US non-bank financial firms push Congress for SME lending relief
Financial Innovation Now, an industry group which represents America’s largest non-bank financial firms such as Square, Intuit, PayPal and Stripe, sent a letter to US Congress on 20 March asking for its members to be included in the country’s emergency government funding.
The move follows a series of pledges made by the government to American businesses and consumers this month amid the worsening coronavirus, which include a $1.5 trillion injection from the Federal Reserve into the financial system, a break on student loan repayments, and a $700 billion quantitative easing programme which has no limits on its asset purchases.
The US government has also established a Primary Dealer Credit Facility to provide short-term funding to major financial firms, and president Donald Trump signed a further $100 billion package to facilitate emergency paid leave for workers last Wednesday.
But US non-bank financial firms want to step in and help the government keep afloat some of the worst affected small businesses currently in danger of complete collapse as their demand plummets.
“Small businesses are not well served by traditional financial institutions, nor will existing federal small business loan programmes deliver funds soon enough,” the letter reads, first reported by CNBC.
“Any federal small business loan programme must leverage digital advances in the marketplace to ensure that stimulus can reach those business most in need.”
Legislators are currently working on a bill which addresses small business loans, to be managed through the US government’s Small Business Administration (SBA).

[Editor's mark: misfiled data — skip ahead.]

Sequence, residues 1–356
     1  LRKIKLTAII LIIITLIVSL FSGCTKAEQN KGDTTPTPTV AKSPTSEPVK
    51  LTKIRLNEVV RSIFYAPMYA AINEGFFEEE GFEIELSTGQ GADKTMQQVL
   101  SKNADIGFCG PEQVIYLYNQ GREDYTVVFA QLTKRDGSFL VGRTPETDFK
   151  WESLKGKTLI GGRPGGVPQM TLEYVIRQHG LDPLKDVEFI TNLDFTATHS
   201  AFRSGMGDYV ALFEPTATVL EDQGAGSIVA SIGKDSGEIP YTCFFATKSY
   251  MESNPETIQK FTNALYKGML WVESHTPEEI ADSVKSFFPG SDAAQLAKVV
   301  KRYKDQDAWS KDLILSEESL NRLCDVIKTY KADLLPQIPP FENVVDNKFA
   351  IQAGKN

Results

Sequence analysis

The industry group’s letter asks that Congress direct the Treasury “to provide conditional capital to alternative online lenders”, “permit these non-bank lenders to disburse loans, including via partnership with financial institutions”, and to “allocate a portion of funds for distribution via these lenders”.
If non-bank financial firms like these were to be thrown into the mix, Congress would have to add a provision allowing non-banks to serve as conduits to SBA Disaster Assistance Programmes.
Firms such as Intuit, Square and Stripe all offer immediate small loan services. Stripe Capital says it offers flexible financing which can arrive in a business’ pocket as quickly as one day after application.
With these sorts of technology capabilities, it’s understandable that these firms want to be included in the government’s fast turnaround plans to prop up small businesses, especially when an SBA loan takes 30-45 days on average to arrive.
And with half of small businesses only holding a cash buffer of less than one month, according to a 2016 JP Morgan Chase Institute survey, these firms are glaringly aware of the desperation these small businesses will face soon in search of alternative cash flows.
Getting involved in a government-led small business loan programme would also be hugely beneficial for the likes of Square and PayPal, whose shares have gone down in recent months due to industry fears that consumer spending will substantially slow as a knock-on effect of state-wide lock downs.